Now, if one does not believe in universals, in objective reality, in the nobility of Man, then there is no standard for anything in art other than being “well made”. Hold on here. How can we judge a Modern work as being well made, of being beautiful? All we can say is that it obeys the superficial rules of construction, form and shape, of logicality. Once we investigate the aim of the artist (if we can), we must judge that aim according to the rules of morality, the rules of universality. No Universality, no Fineness, no Goodness, then no Beauty.

Beauty is in the eye of an “informed” beholder. A beholder within a culture informed of goodness and grace, of nobility, of the ideal behind nature. Without that world, there can be no Fine Art.

And as Modernity and its philosophical assumptions are now ingrained in our Modern Culture, there is no thing informing the mind in nobility, in what it is to be “refined”, in the universal ideals of form and goodness, which would have encompassed and soothed the emotions of the artist and the beholder, which uplifts and refines the mind and emotions of Man .

So-called works of art become brutal, disjointed, deliberately challenging the very beliefs which underlie art and humanity itself. Works convey either the superficial combination of shape and colour, or smash one in the face with rebellion against nature. This assessment also applies to music.

Beauty and the Academy

The Impressionist rebellion against the Academy did have a point. By the end of the 19th Century, Modernism had killed the ideals of Christian Humanism as embodied in the Renaissance and Baroque periods. And neither had the Rationalistic Enlightenment Classicism, the symbol of the secular Modern revolution, anything left to give the New Man, except a solid architectural foundation for the public buildings of the late 19th century – all symbols of the New Man and Money.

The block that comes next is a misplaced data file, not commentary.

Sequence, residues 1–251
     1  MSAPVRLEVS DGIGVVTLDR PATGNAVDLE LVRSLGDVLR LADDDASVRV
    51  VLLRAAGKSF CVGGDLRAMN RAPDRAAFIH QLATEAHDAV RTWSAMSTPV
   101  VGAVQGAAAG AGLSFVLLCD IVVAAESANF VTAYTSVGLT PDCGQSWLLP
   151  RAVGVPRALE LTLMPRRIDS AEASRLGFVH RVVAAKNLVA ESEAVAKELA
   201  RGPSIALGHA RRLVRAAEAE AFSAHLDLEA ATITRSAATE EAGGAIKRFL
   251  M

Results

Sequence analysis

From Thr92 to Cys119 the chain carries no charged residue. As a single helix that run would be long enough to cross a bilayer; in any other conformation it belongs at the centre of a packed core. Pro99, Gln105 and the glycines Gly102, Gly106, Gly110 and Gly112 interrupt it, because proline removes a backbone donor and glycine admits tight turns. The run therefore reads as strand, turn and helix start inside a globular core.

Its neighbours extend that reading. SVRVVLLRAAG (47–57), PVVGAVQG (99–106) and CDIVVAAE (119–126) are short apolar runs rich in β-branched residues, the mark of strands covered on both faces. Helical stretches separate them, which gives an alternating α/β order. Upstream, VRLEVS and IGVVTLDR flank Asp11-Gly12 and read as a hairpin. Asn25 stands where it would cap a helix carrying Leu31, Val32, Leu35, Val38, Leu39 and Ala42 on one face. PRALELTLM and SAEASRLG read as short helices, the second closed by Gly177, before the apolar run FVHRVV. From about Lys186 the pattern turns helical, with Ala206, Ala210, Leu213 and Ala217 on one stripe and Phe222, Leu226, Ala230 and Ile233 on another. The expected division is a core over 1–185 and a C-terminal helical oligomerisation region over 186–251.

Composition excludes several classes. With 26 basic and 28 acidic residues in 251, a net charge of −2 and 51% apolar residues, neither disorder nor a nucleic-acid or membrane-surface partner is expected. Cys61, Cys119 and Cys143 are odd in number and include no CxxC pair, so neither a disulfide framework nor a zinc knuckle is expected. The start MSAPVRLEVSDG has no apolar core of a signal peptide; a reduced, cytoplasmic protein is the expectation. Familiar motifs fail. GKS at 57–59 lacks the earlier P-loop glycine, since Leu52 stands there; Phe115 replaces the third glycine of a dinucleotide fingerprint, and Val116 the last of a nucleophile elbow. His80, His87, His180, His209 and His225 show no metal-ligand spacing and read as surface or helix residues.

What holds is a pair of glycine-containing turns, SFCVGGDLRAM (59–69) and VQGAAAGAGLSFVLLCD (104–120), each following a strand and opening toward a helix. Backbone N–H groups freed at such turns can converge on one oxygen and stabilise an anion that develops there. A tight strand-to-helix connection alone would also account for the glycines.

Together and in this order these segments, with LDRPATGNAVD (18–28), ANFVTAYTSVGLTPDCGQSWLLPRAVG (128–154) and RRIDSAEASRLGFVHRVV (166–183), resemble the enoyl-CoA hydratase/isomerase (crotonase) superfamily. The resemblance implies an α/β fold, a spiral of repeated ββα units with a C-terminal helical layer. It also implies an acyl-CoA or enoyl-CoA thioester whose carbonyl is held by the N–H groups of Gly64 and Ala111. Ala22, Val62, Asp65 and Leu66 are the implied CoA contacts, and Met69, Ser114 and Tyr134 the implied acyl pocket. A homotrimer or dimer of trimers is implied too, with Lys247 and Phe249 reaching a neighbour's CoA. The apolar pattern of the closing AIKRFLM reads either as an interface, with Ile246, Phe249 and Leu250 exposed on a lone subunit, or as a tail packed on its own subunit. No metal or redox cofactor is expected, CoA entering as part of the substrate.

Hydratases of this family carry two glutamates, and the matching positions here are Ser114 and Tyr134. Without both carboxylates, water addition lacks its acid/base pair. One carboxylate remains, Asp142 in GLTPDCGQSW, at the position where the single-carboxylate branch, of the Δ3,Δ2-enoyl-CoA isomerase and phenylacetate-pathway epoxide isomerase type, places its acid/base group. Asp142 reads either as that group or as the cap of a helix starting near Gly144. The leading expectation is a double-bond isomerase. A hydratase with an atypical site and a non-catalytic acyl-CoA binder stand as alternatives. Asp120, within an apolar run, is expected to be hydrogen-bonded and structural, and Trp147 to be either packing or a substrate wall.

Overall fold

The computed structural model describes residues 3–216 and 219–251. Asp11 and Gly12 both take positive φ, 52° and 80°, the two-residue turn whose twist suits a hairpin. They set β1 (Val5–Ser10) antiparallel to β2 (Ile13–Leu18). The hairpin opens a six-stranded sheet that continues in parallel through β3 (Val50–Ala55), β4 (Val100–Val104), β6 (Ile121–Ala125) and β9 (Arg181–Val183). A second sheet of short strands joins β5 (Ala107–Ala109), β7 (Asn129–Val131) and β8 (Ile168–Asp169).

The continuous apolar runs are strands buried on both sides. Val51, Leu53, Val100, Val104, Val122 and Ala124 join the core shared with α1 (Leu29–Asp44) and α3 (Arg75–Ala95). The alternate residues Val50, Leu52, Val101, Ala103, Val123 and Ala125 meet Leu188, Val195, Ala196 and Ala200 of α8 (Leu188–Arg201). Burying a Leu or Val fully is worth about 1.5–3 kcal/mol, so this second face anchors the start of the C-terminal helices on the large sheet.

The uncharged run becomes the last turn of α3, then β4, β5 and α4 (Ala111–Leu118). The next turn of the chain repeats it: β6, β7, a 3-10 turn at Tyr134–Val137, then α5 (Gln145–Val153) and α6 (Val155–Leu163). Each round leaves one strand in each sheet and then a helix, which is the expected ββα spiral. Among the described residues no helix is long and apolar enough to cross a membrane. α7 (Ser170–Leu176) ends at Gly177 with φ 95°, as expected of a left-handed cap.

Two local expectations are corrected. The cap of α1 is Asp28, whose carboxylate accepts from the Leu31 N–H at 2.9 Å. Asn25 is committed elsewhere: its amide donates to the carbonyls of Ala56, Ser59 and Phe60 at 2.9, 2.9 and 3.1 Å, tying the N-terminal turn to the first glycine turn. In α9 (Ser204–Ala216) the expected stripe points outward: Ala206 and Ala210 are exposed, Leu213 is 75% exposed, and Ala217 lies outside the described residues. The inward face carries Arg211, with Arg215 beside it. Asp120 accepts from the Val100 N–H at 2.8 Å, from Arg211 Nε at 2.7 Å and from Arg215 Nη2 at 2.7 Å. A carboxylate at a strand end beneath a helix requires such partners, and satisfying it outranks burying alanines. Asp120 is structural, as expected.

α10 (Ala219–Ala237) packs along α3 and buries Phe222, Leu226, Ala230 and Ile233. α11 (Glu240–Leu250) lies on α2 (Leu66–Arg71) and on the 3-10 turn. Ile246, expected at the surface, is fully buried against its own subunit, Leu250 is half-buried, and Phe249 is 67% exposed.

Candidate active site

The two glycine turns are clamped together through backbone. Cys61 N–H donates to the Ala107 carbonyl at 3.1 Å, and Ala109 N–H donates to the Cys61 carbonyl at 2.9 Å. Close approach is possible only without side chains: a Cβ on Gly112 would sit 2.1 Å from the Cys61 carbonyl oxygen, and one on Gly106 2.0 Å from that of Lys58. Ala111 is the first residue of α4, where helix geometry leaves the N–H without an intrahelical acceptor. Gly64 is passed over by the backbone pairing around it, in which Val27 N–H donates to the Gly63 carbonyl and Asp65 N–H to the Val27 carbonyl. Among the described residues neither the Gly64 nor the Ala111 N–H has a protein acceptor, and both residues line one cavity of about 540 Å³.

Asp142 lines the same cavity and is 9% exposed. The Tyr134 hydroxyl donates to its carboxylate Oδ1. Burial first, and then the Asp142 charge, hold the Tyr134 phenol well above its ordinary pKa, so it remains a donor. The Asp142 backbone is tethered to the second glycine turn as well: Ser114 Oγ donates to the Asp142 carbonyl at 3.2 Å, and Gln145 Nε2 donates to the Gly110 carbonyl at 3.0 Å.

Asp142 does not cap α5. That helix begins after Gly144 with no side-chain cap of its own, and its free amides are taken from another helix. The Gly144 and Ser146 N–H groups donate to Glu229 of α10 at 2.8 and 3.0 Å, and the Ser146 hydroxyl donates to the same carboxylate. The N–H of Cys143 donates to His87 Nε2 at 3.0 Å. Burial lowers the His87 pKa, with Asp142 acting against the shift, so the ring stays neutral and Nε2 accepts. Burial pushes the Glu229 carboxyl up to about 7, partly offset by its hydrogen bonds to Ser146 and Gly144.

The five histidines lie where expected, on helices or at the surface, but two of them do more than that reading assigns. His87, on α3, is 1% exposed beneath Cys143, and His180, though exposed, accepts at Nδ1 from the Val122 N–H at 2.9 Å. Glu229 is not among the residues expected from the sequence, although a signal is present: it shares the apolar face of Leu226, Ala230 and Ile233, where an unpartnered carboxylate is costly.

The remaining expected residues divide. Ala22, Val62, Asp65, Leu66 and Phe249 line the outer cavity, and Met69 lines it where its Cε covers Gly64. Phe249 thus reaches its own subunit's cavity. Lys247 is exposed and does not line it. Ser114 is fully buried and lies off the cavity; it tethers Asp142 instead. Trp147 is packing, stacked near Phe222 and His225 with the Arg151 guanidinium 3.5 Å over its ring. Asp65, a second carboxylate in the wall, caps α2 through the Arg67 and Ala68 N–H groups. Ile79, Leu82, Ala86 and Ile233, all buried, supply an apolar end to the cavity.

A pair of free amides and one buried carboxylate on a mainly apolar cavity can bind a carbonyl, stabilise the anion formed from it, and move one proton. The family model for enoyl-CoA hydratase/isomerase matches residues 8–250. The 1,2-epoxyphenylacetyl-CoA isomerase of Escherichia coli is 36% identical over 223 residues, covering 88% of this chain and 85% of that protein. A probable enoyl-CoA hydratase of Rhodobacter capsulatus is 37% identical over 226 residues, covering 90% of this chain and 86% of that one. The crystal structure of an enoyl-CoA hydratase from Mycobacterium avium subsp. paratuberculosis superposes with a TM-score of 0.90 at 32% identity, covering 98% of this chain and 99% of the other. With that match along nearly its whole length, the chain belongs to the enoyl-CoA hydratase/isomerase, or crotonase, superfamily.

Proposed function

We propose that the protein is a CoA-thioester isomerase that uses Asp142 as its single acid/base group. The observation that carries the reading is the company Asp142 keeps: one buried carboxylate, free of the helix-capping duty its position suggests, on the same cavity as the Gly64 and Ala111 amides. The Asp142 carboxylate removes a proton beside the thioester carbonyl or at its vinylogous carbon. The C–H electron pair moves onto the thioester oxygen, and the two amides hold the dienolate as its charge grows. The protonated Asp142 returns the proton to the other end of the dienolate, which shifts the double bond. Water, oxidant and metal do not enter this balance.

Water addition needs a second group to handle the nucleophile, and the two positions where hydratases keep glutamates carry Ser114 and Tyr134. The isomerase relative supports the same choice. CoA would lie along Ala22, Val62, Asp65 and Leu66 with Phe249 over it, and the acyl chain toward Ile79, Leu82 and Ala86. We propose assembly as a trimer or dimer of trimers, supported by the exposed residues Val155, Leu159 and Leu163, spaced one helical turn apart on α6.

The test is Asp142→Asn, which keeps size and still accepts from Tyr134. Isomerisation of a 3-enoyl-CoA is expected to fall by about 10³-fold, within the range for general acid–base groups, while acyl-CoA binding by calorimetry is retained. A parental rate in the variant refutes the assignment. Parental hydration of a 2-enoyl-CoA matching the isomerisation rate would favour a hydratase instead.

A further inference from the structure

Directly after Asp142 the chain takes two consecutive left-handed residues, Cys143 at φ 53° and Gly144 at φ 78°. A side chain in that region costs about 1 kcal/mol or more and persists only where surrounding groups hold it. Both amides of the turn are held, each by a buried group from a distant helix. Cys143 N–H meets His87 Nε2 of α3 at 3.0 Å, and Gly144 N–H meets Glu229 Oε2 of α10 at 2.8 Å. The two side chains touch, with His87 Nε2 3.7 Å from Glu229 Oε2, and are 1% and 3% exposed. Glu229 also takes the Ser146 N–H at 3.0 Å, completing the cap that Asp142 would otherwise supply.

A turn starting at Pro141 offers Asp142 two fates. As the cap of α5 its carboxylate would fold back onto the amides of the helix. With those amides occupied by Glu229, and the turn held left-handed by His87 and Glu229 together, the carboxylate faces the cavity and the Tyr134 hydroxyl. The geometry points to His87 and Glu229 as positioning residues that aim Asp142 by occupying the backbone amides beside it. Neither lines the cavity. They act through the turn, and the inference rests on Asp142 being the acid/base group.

And so Art became the expression of rebellion against the very excesses of Modernism, a means to draw attention to alienation of Man to the very society Modern Man created. The Academy of Fine Art standards became a dead project. The term “beauty” is no longer used to refer to works of so-called “fine art”. “Provocative”, “explorative”, “interesting”, “futuristic”, and “progressive”, became the terms for judging works of art.

Ugliness Enthroned

The world of Modernity is ugly. Graffiti artists point this out every day. Ugly cities, ugly noisy abominable traffic, concrete monstrosities vying with blocks of glass competing with soaring dominating walls inhumanly Babel-high – the pride of Man and Money. And the people sub-divided into little isolated pockets where the word “community” is used to make them feel as if there really is a community and there is none! And the culture engages Man by ugly inhuman fashions denying any sense of Man as a dignified person of real worth: the stubble beard, the piratical piercings, the savage tattooing, the androgynous clothing: all quite diabolical. Nothing of substance, or permanence, and certainly no fine art.

And so there is no “informed” eye of the beholder, and therefore there is no beauty. Thank the heavens, that Nature still exists. At least a tree or a blade of grass or a humble sparrow, exists in our cities to remind us of what real beauty is and what we must do to imitate such noble works which Nature has put before us.